How to Motivate Millennials: 5 Tips to Engage with Impact
Many of our clients tell us they are sick of hearing so much about Millennials. The irony is that many of them saying that are millennials! Never the less, how to manage and engage millennials is definitely a Topic of the Day. Every time we build it into a training class or coach someone from a different generation (let’s say older), the head-nodding seems to validate that the topic is still important and not everyone gets the difference between Millennials and other generations. And here’s the reality: they are taking over….so help them thrive, so they can help you too.
Two of the primary differences in Millennials’ education are: 1) They learned by working in teams, and 2) They learned with technology. So many of our tips flow directly from those understandings. Generation X’ers did more individual work in school and tended to get trophies only when they won something, but Millennials did team projects in school and got participation awards for just being on the team. That usually gets heads nodding and eyes rolling!
At 46 (heart of Gen X), I learned computers in a book and then touched an actual computer ½ hour per week. Millennials grew up with iPads to take notes. I used to hand write papers and then type when they were perfect. Younger Millennials may write on their “phone” and then email it to a Word document. And even that probably sounds silly to some readers, as the dinosaur who is writing this is far from cutting edge.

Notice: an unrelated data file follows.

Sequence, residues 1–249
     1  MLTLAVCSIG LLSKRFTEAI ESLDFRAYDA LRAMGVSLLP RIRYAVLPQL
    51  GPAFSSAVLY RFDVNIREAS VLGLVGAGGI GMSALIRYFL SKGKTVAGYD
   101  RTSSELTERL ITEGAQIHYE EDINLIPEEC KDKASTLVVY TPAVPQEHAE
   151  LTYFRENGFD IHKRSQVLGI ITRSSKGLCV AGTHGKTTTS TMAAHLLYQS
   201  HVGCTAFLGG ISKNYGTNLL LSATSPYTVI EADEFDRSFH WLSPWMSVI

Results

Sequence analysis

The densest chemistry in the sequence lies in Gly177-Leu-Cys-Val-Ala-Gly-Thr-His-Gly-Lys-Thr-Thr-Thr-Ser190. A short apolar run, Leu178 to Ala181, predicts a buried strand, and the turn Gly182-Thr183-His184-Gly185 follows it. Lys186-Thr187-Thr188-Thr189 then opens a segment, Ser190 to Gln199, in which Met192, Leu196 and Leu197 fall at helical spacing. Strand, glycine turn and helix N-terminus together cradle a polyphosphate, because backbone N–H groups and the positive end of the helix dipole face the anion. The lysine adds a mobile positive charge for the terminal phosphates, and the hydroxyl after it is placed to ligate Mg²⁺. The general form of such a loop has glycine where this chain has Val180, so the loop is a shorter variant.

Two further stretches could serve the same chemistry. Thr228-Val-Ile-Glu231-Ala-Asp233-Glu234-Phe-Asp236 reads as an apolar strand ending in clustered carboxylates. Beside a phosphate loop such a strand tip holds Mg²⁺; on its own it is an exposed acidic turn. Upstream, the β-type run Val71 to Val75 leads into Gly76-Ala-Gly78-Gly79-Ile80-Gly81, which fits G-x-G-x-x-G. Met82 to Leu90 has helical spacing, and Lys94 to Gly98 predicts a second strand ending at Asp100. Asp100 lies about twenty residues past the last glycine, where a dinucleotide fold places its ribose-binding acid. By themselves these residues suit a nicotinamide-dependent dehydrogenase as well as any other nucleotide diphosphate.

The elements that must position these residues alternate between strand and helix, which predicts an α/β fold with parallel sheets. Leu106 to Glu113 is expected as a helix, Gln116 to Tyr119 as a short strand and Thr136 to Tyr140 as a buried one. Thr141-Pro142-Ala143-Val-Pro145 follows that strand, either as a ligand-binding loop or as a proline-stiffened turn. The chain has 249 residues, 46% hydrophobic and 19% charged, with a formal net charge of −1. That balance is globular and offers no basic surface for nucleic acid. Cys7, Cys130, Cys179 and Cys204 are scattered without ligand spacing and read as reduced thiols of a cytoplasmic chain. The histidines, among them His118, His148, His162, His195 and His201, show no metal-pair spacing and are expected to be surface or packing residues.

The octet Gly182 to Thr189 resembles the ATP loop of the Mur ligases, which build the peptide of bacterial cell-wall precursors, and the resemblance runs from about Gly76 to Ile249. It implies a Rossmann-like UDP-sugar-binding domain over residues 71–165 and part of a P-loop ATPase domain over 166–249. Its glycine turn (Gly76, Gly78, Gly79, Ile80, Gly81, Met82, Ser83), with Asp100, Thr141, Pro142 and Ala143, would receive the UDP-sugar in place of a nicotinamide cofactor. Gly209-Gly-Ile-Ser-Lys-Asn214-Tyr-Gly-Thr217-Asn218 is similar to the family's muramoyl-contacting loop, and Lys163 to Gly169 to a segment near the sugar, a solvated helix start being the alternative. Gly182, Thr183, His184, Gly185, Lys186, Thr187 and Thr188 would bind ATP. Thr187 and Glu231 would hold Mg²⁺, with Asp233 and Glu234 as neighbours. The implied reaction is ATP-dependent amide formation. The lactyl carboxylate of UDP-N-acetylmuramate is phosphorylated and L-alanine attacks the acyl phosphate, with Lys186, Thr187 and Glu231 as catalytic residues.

So here are 5 Tips that we have found over the years that really can help get the most out of Millennials and make them happy and motivated in their jobs.
1. Flexible Working Arrangement Millennials don’t recognize the boundaries between work and life the same as previous generations. They always have their phone in their pocket and are connected (to work and everything else) most of the time. So they don’t see “butt in seat” as necessary to performing their work. Whenever you can allow for that freedom. You may find they give you more in the long run.
Allow them to work from home if possible. Also acknowledge that if they worked overnight or over the weekend, then they may deserve some flexibility during the regular work week. They grew up with more fluidity in terms of formality, so they may schedule a doctor’s appointment at 10 on a Tuesday and plan to make it up that night. Everyone (all generations) wants freedom like this, but to Millennials it is in their DNA. Truthfully, many of our clients tell us that these concessions result in more and higher quality work overall!